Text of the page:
(Bloomberg) — Wells Fargo & Co. agreed to a $3.7 billion settlement with the Consumer Financial Protection Bureau to settle multiple allegations of customer abuse, including a $1.7 billion fine, the largest ever in the history of the CFPB.
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The settlement includes more than $2 billion for “consumer compensation,” the CFPB said in a statement Tuesday citing “common mismanagement” of auto loans. mortgage and deposit accounts.
“Wells Fargo’s cycle of repeated violations has harmed millions of American families,” CFPB Director Rohit Chopra said in the statement. “CFPB is asking Wells Fargo to refund billions of dollars to consumers nationwide. This is an important first step towards accountability and lasting reform of this repeat offender.”
Under CEO Charlie Scharf, Wells Fargo attempted to solve a series of scandals that began in 2016 with the revelation that the bank had opened millions of fake accounts. Problems arose in business areas, resulting in two CEOs being fired and some costly penalties, including a decision by the Federal Reserve to limit the company’s assets.
The bank set aside $2 billion in the third quarter to address a variety of legal and regulatory issues, including protecting all of its customers from harm. Scharf warned in October that the allegation “is not over.”
“We and our regulators have identified a series of unacceptable practices that we are systematically working to change,” Scharf said in the company statement. and provide remedies to customers when under warranty. “This sweeping agreement is an important milestone in our work to transform the ways we operate at Wells Fargo and leave these issues behind.”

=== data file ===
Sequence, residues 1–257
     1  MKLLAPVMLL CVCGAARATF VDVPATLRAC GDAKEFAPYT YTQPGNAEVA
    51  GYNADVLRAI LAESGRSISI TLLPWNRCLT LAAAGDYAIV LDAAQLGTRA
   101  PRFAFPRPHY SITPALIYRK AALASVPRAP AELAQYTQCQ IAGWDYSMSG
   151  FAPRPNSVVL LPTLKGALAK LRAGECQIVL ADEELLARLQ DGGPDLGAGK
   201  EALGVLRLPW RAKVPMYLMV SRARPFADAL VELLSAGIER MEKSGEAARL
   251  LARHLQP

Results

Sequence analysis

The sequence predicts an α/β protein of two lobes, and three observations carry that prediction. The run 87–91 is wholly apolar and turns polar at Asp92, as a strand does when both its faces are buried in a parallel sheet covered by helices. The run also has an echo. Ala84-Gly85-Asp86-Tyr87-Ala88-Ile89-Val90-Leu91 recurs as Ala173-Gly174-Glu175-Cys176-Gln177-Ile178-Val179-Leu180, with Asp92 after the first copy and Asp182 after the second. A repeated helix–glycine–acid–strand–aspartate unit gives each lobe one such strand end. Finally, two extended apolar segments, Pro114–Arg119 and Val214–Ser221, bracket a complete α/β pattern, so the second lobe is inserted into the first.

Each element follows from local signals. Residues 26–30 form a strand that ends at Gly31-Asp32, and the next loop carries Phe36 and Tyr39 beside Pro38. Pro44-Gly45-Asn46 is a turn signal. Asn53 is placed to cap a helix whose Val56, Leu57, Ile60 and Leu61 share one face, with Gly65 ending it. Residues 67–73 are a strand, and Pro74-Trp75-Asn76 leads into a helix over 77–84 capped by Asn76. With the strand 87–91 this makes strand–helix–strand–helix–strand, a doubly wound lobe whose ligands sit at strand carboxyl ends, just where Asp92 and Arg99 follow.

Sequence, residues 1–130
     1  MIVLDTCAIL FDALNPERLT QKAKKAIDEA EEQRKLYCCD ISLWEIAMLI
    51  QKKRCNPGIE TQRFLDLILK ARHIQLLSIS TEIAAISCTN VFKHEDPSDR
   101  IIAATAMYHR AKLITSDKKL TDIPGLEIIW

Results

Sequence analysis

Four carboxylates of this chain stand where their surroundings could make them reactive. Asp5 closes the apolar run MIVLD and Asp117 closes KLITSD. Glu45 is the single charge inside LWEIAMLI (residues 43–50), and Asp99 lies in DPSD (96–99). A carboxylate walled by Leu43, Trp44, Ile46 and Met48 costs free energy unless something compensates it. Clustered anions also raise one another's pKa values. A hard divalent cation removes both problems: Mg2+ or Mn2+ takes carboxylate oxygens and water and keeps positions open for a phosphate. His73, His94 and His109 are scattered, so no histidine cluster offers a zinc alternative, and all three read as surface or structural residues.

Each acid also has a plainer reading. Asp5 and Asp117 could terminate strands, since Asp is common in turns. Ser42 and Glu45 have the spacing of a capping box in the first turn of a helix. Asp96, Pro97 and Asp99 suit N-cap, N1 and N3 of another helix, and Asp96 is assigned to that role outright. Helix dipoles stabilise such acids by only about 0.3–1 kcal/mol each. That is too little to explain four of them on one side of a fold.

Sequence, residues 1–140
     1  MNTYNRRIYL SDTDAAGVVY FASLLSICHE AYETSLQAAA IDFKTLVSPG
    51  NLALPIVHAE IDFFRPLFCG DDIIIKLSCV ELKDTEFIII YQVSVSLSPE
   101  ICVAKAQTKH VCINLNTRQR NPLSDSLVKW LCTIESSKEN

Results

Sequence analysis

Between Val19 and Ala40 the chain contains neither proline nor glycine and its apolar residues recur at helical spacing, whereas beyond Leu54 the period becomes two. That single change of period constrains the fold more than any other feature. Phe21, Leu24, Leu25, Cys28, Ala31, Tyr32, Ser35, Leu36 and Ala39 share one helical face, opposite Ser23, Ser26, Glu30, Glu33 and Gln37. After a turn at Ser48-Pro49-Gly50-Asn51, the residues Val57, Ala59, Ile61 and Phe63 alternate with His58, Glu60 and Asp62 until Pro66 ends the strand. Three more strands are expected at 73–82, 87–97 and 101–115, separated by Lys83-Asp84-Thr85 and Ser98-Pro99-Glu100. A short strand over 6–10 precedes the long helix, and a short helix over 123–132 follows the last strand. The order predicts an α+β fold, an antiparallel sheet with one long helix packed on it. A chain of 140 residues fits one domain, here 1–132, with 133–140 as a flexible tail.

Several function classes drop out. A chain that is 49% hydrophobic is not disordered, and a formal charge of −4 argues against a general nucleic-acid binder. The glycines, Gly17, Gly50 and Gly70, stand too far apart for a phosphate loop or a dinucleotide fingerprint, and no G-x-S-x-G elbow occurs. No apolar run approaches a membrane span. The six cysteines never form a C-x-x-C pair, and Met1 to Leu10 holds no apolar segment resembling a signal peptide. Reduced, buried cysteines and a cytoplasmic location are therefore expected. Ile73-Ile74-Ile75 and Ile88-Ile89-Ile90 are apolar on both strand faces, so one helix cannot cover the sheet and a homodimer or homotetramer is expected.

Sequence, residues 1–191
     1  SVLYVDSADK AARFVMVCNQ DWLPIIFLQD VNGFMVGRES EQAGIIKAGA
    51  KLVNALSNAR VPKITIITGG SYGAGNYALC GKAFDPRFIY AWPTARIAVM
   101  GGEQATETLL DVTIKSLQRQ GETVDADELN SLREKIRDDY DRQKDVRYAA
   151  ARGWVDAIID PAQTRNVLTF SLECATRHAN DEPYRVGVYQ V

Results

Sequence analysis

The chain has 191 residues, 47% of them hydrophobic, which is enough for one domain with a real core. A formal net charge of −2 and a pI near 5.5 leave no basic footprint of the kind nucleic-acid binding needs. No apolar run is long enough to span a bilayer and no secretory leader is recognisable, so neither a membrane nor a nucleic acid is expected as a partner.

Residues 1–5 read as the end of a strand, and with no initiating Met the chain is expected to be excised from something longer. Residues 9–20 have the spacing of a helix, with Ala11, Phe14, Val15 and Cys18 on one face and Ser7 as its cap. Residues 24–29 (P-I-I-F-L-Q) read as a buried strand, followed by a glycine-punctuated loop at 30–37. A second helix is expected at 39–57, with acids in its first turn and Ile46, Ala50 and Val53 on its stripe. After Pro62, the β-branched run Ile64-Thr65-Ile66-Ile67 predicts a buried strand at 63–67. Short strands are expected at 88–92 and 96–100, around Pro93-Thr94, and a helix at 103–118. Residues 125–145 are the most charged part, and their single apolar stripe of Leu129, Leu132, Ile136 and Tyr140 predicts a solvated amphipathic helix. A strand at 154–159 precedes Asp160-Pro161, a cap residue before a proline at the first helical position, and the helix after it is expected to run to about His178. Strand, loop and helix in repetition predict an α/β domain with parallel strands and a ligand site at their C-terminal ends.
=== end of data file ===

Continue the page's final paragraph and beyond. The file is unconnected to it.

Wells Fargo said it expects a pre-tax operating loss of about $3.5 billion in the fourth quarter, including fines and CFPB civil remedies, as well as other litigation costs.
Shares of the company fell 2.7% to $40.70 by 9:16 a.m. in early New York trading.
Chopra has previously vowed to make big corporate penalties more painful. In 2016, the agency fined San Francisco-based Wells Fargo $100 million for opening accounts without customer permission. In 2018, the agency imposed a $1 billion penalty for additional misconduct, but granted the bank a $500 million line of credit to settle concurrently with the Office of the Comptroller of the Currency. .
Chopra, appointed by President Joe Biden, is under pressure from Democratic progressives to reinstate the consumer watchdog, which they say has withdrawn from the planning process and implemented a tougher policy under former Republican President Donald Trump.
To read the bank’s consent order, click here.
(Updated with company statement in sixth paragraph.)
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